Dr Helmut Reisinger, Executive Vice President International at Orange Business Services
Leveraging the rise of the Internet of Things (IoT), many Asian cities are looking to become smart cities such as Smart Nation in Singapore, Digital China, Digital India, Jakarta Smart city. But do the governments and organisations in those cities have the expertise of building and running such smart cities? We spoke to Dr Helmut Reisinger, Executive Vice President International at Orange Business Services, to find out the requirements and challenges of smart cities.
CIO Asia: There are many definitions of smart cities so in your opinion, what does it mean to be a smart city?
Dr Reisinger: Cities are becoming ever more complex. Burgeoning urban populations put increasing pressures on essential infrastructure and services, from fresh water supply to sewage, from street lighting to transport, from healthcare to education. On top of all that, cities need to take into consideration environmental factors such as climate change and supporting open spaces in densely built areas.
The concept of a 'smart city' may be difficult to define, but the goal of all smart cities is to create an urban environment that raises the quality of life for residents and by using technology to improve the efficiency of public services to meet their needs. The United Nations projects that 66 percent of the world's population will be living in urban areas in 2050, with Asia and Africa accounting for close to 90 percent of that growth. Faced with such daunting prospects, city officials - especially those in Asia - need to turn to sustainable urban management and technologies to rise up to the challenge of keeping their cities running. In the end, the smarter a city, the more it will attract long-term investments and people.
As every industry is working towards becoming 'smarter'- such as smart manufacturing and smart retail - especially with the rise of Internet of Things, what challenges do you foresee arising from this?
As with the adoption of any nascent technology, 'smart' technology is bound to face varying adoption rates across different industries. Some industries take to IoT like fish to water, while others struggle with general mistrust of increased connectivity, security issues, or simply inertia to change.
The Asia Pacific region is embarking on rapid digitalisation. According to a recent Gartner report, global enterprise software spending is on pace to total $321 billion, a 4.2 percent increase from 2015. Orange Business Services has observed strong, double-digit growth in demand for cloud and IoT technology in the region. This shows that businesses recognise the impact of digital transformation on the way their organisations are run, and subsequently their profitability.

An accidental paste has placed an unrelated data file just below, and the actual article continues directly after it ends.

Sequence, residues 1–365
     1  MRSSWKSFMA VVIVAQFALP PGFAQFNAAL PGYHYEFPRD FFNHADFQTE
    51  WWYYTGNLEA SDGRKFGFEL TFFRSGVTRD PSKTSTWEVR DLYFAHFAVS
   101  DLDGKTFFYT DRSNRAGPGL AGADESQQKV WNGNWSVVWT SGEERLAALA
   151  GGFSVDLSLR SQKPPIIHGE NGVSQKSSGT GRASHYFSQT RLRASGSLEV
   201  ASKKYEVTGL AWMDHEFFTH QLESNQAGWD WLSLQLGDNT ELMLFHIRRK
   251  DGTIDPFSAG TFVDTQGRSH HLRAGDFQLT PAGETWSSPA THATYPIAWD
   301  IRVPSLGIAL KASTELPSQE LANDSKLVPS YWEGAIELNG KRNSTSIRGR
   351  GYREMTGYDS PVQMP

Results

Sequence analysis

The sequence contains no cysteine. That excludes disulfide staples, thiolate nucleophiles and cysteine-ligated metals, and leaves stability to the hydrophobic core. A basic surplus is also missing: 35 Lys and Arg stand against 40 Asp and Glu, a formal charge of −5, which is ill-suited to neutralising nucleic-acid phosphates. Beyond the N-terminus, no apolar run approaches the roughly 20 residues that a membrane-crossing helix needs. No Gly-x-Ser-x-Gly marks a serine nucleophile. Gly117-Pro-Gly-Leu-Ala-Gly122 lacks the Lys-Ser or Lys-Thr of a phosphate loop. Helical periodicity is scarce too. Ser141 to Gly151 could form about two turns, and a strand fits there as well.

Another major hurdle to IoT adoption is the issue of interoperability. Without standardised data formats and semantics, open application programming interfaces (APIs) or big data analytics, the vision behind IoT cannot be fully realised. IoT providers and developers need to pull together and move towards a common platform in order to create a seamless network of connected devices that will truly embody 'smart' technology.
One other key issue with IoT adoption is that of cyberdefense and privacy. IoT is not only about connecting objects but also about the usage of data generated by these objects. This raises the crucial questions of ownership, access and transparency. Allowing companies to work collaboratively and cross pollinate each other around data is essential if we want to ignite new business ideas.
In the case of IoT it is not a question of whether to adopt it, but how rapidly industries can embrace it. With such a pervasive and adaptable technology, no organisation can afford to overlook IoT. The faster industries can find workarounds to their IoT challenges, the sooner they will be able to reap its benefits.
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